HomeNewsBullock makes more history in Ryan victory

Bullock makes more history in Ryan victory

Off he goes: Samir Bullock (left) escapes the clutches of Shareef Miller, becoming the second player in city history to rush for 2,000 yards multiple times. MARIA POUCHNIKOVA / TIMES PHOTO

Staring at fourth-and-5 while nursing a one-score lead with 12 seconds left on the clock, the Archbishop Ryan coaching staff might have faced a gut-wrenching decision. But for one more play at least, the Raiders still had Samir Bullock.

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So there was really no decision at all.

Sophomore quarterback Matt Romano lined up behind his similarly young yet precocious offensive line, barked some signals and handed the ball to Bullock, who busted between the tackles for 11 yards.

First down. Game over. Career complete.

That final run culminated Ryan’s 28–20 Thanksgiving Day victory over George Washington and left the senior Bullock with 178 yards for the day in a mud-logged Mickey Young Stadium, along with a school-record 2,068 for the season and 5,209 in his career, fifth-best in city history. He became only the second back in city history to record multiple 2,000-yard rushing seasons (West Catholic’s Curtis Brinkley also accomplished the feat in 2002–03).

“It’s just been a great career,” said Bullock, who attended Father Judge for two years before transferring to Ryan. “I came out here with a great group of guys, a great coaching staff and it was a great experience. I wouldn’t trade it for nothing.”

Bullock’s 60-yard touchdown run with 3:43 left in the fourth quarter proved to be the clinching points, but not until a furious comeback by the Eagles (7–6) had fallen just short.

Ryan (6–6) scored three second-quarter touchdowns to take a 21–0 lead. Bullock toted the ball 11 times in the opening quarter and six more times in the second on the way to 30 carries for the game. Meanwhile, Romano completed his first five passes for 109 yards and two first-half touchdowns.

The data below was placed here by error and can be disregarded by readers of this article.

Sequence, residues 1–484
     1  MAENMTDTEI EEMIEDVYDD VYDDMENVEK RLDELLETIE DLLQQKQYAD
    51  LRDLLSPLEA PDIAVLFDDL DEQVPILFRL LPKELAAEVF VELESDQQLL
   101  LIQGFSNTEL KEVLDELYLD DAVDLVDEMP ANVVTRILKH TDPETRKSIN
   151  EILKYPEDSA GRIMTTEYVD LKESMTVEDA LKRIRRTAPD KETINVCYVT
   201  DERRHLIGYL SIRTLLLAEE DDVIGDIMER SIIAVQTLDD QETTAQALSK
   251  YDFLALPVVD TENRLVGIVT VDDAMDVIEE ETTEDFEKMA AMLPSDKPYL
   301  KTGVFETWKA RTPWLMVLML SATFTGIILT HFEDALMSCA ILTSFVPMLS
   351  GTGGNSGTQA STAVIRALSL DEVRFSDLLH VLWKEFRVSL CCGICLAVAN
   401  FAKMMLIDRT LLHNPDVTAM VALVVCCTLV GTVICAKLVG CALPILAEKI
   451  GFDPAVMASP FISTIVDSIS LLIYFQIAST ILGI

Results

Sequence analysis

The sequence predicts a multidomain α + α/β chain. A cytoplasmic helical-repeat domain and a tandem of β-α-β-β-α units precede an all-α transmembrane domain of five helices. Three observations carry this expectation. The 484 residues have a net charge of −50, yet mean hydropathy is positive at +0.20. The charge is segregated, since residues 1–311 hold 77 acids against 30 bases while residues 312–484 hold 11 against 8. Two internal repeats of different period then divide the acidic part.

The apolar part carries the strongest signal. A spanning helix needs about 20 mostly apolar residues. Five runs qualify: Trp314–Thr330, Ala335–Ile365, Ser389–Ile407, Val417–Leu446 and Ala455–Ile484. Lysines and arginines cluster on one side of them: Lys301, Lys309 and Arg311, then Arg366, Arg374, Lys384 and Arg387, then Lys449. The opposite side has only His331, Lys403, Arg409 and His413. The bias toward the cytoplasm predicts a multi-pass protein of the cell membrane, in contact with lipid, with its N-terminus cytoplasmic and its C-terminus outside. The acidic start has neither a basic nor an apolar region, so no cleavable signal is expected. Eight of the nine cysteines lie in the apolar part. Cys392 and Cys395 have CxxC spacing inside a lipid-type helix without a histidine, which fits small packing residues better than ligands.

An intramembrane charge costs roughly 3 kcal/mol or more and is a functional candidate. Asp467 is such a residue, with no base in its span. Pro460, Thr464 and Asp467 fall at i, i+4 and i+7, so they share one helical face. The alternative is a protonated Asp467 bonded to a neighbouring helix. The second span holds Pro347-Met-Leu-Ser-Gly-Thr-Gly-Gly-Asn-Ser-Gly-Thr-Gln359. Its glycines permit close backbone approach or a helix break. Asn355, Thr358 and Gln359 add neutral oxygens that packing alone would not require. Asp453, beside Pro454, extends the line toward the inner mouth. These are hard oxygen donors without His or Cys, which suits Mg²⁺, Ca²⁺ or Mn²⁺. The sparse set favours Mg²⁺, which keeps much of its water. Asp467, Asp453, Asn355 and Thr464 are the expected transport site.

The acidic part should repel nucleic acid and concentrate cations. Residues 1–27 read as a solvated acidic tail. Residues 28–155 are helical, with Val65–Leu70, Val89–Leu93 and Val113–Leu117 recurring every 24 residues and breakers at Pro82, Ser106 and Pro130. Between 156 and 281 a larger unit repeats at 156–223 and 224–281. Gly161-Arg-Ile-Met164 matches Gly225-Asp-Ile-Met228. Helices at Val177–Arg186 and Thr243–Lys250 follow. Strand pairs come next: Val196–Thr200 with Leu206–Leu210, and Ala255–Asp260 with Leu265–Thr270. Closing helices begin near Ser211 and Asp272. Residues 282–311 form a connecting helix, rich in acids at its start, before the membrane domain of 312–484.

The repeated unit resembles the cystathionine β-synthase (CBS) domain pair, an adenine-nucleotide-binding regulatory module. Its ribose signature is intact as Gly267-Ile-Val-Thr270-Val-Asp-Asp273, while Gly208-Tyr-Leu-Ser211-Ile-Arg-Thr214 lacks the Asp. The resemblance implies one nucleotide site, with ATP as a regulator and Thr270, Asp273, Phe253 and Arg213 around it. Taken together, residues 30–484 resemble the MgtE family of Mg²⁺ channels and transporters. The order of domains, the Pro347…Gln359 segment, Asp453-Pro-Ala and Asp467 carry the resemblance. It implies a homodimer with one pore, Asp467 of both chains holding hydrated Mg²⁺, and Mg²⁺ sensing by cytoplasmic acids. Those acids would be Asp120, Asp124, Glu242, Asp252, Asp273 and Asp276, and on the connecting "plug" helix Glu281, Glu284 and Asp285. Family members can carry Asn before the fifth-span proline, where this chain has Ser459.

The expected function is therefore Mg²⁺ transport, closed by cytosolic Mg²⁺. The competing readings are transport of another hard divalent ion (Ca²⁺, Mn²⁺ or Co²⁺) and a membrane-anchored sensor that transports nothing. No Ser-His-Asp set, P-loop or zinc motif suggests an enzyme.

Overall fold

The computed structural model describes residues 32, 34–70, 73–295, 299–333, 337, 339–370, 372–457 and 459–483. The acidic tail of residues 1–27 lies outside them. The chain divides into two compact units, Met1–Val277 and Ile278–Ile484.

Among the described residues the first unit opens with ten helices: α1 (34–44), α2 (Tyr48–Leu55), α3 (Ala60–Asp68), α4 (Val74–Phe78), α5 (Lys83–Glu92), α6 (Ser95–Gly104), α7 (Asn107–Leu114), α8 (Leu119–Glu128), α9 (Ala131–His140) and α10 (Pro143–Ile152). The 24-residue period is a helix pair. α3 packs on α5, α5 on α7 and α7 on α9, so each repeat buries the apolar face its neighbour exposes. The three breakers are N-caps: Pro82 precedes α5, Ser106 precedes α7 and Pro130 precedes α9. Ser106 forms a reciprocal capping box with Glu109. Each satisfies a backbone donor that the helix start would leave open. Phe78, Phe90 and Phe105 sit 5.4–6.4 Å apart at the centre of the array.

Bullock’s six-yard run with with 9:23 left in the half opened the scoring. Then, after Bobby McDevitt fell on a Washington fumble deep in Eagles’ territory, Romano tossed 24 yards to Seneca Williams for a second TD. Romano’s 35-yard screen pass to Bullock moments later gave the Raiders their third touchdown on five offensive snaps.

Washington’s Quadir Cobbs refused to go down without a fight, however. He carried the ball seven times in a 10-play, 72-yard drive and got the Eagles on the scoreboard with a two-yard run. Cobbs ran 32 times for 142 yards and two touchdowns in the contest.

After intermission, Cobbs led a 14-play, 67-yard march for the Eagles and scored on an eight-yard run. Washington trailed 21–14 entering the fourth quarter.

Washington coach Ron Cohen dialed up some trickery early in the fourth, as a reverse handoff to wide receiver Tavious Morgan garnered 50 yards and put the Eagles back in scoring position. Morgan also capped the drive, as he caught a four-yard touchdown pass from Cameron Gontek that made the score 21–20 with 3:55 to go.

But on the extra-point attempt, the Ryan line got good penetration on the treacherous natural turf, and Washington’s kick sailed low and wide.

Bullock’s 60-yard touchdown ensued. He broke 2,000 yards and his own school record on the play. As a junior, he ran for 2,055.

The running back joined Ryan’s head coach Frank McArdle in crediting offensive linemen Sean Devine (center), Drew Obuchowicz and Brendan Ruskowski (tackles) and Kevin Schaeffer and Ryan Kidwell (guards) for making the milestones possible. Only Schaeffer is a senior. The Raiders’ running attack also relied on the fullback McDevitt and tight end Jon Liguori, both seniors.

“It’s a great group of guys. I wouldn’t have rushed for 2,000 without these guys,” Bullock said. “We do have a group of young guys but they’re a hard-working group at the end of the day. They help me. This is their record, too.”

Ryan’s defense stopped Washington from crossing midfield on the Eagles’ final possession. Then it was up to Bullock and his blockers to kill the clock.

“The thing about Samir that I love is he got better in the tougher games,” McArdle said. “He ran hard when his back was to the wall. That’s what you could rely on him to do, run hard.”

And that’s what Bullock did until his very last high school play.

“There were 12 seconds left, so I was debating on punting it,” McArdle said. “But there were sloppy conditions and I was worried about the snap or maybe even a blocked punt. So we just said, ‘Let’s give it to Samir and see if he can bail us out one more time.’ And that’s what he did.” ••

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